in the detection of coronary heart disease using
reduction functions with 100% accuracy. Asl et al.
(2008) presented a classification that used 15
features extracted from heart rate variability (HRV)
signal. The authors reduced the features to five using
a GDA technique and increased the accuracy to
100% when combined with the SVM classifier.
This paper proposes the combination of
classification models with dimensionality reduction
techniques to achieve two main objectives: (1) to
learn the best feature representation of the data set
used; and (2) to use machine learning techniques as
a classifier to obtain the best possible prediction.
The data set used to achieve this purpose came from
the UCI Machine Learning Repository (UCI, 2018)
and is computed with seven classifiers: logistic
regression, decision tree, random forest, gradient-
boosted tree, multilayer perception, one-vs-rest and
Naïve Bayes. The feature selection technique of Chi-
square is implemented and used by PCA.
Remaining of this paper is organized as follows.
A short summary of the models used are explained
in Section 2. Detail descriptions of the methodology
are presented in Section 3. Experimental results are
reported in Section 4. Finally, Section 5 concludes
the work.
The classifiers models used in this paper are
presented in this section.
2.1 Logistic Regression
Logistic regression (Hastie et al., 2017) is a binary
classification response used to describe information
and explain the relationship between dependent and
independent variables. For a binary classification,
the model makes predictions by applying the logistic
2.2 Decision Tree
Decision tree is a classification and regression
method commonly used for machine learning
because its nature of being easy to interpret. The tree
predicts the label for each partition (leaf), and each
one is chosen by selecting the best split of the
different possible splits. Each tree node is chosen
from the set 
where 
is the
information obtained when a split s is applied to a
dataset D (Marsland et al., 2015).
2.3 Random Forest
Random forest (Breiman, 2001) is a collection of
decision trees predictors in which each tree depends
on the value of an independent random vector. The
training algorithm works in a parallel and random
mode, making each decision tree different and with a
reduction in variance.
2.4 Gradient-Boosted Tree
Gradient-Boosted Trees (GBTs) are ensembles of
decision trees which minimize a loss function
(Friedman, 1999). The mechanism used to reduce
the loss function in the training data is given by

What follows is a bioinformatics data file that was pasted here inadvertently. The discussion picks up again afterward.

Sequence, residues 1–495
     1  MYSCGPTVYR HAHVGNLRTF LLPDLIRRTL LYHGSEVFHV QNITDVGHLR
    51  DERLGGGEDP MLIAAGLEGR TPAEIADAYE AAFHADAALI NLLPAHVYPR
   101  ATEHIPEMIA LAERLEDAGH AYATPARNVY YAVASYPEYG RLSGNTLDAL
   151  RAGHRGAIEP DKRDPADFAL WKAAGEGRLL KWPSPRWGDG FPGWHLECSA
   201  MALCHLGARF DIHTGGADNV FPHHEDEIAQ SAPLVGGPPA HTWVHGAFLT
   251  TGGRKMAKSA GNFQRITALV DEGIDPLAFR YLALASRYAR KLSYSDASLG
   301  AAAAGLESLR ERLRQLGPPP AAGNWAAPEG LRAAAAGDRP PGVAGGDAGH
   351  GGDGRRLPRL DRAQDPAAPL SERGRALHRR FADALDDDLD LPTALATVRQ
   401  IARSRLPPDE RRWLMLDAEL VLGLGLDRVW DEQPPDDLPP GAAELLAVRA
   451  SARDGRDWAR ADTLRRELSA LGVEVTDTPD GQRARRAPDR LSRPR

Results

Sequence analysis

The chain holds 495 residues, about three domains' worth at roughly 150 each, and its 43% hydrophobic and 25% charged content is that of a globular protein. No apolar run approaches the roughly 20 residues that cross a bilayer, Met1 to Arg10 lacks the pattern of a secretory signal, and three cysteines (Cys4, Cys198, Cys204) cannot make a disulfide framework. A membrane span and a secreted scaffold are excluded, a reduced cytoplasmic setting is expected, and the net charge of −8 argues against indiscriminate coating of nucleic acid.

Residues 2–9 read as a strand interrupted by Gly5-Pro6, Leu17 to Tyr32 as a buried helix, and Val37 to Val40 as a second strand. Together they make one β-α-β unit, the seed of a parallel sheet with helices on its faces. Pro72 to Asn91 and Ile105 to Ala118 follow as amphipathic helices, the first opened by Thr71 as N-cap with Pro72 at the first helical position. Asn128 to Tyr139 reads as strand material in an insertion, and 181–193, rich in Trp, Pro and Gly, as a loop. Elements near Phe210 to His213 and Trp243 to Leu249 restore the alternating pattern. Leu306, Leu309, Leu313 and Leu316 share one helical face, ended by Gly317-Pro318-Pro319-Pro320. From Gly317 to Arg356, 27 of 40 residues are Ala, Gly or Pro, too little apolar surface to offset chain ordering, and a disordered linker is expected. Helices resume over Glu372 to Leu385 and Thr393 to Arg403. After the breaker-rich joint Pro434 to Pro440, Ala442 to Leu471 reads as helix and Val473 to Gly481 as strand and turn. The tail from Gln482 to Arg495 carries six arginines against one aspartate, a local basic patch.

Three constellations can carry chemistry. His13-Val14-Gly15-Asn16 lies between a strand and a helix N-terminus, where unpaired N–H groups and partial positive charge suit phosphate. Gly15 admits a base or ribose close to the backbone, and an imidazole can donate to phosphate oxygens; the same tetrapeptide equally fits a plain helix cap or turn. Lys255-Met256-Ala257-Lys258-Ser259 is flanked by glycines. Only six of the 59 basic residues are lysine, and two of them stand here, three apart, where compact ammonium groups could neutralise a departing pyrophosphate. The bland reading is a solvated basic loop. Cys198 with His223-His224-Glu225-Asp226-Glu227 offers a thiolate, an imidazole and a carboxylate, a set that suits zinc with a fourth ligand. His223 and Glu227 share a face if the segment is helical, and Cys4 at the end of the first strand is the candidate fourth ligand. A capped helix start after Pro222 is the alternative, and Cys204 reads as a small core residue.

where =number of instances,
=label of instance
=features of instance ,
=model’s predicted
label for instance .
2.5 Multilayer Percepton
Multilayer perceptron classifier (Hornik, 1991)
is based on the feedforward artificial neural
network and consists of multiple layers of nodes.
Each layer is connected to the next layer. The input
Dimensionality Reduction in Supervised Models-based for Heart Failure Prediction
data is represented by the nodes in the input layer.
The other nodes map the input to the output
by combining the weight w and the bias of the
node. This is written as a matrix with +1 layers
The nodes in intermediate layers use a sigmoid
function given by
The nodes in the output layer use softmax
function given by
where corresponds to the number of classes.
2.6 One-vs-Rest
One-vs-Rest is a classifier that creates a binary
classification problem for each class. One-vs-Rest
converts one class as positive and the rest of the
classes as negative. The classifier with the highest
value will be the output.
2.7 Naïve Bayes
Naïve Bayes is a classifier based on the theorem of
Bayes with strong independence assumptions
between the features. It works with the assumption
of using observation of the problem to make a
prediction (Marsland, 2018).
The data set used in the research is the “Heart
Disease Data set” from the UCI Machine Learning
Repository. The data set contains 76 features, but
most of the existing articles used only the subset of
14 features described in Table 1. The categorical
feature Num contains whether a patient has a
presence or absence of a heart disease. The
categorical features 1, 2, 3 and 4 of the original data
set were transformed in one that is the presence (1)
of heart disease.
The data sets used are from hospitals in
Cleveland, Hungarian, Switzerland and Long Beach
VA. This study adds one more data set: Cleveland-
Hungarian (a combination of Cleveland and
Hungarian data sets with 597 patients). The most
common data set in other studies is Cleveland,
which has great data quality. On the contrary,
Hungarian, Switzerland and Long Beach VA have
Table 1: Features of Heart Disease Data set.
Number Code Feature Description
1 Age Age Age in years
2 Sex Sex 1=male; 0=female
3 Cp Chest pain type
1= typical angina; 2=atypical angina;
3=non-angina pain; 4= asymptomatic
4 Trestbps Resting blood pressure (mg) At the time of admission in hospital
5 Chol Serum cholesterol (mg)
6 Fbs Fasting blood sugar>120 mg/dl 1=yes; 0=no
7 Restecg Resting electrocardiographic results
0=normal; 1= ST-T wave abnormal;
2=left ventricular hypertrophy
8 Thalach Maximum heart rate achieved
9 Exang Exercise induced angina 1=yes; 0=no
10 Oldpeak ST depression induced by exercise relative to rest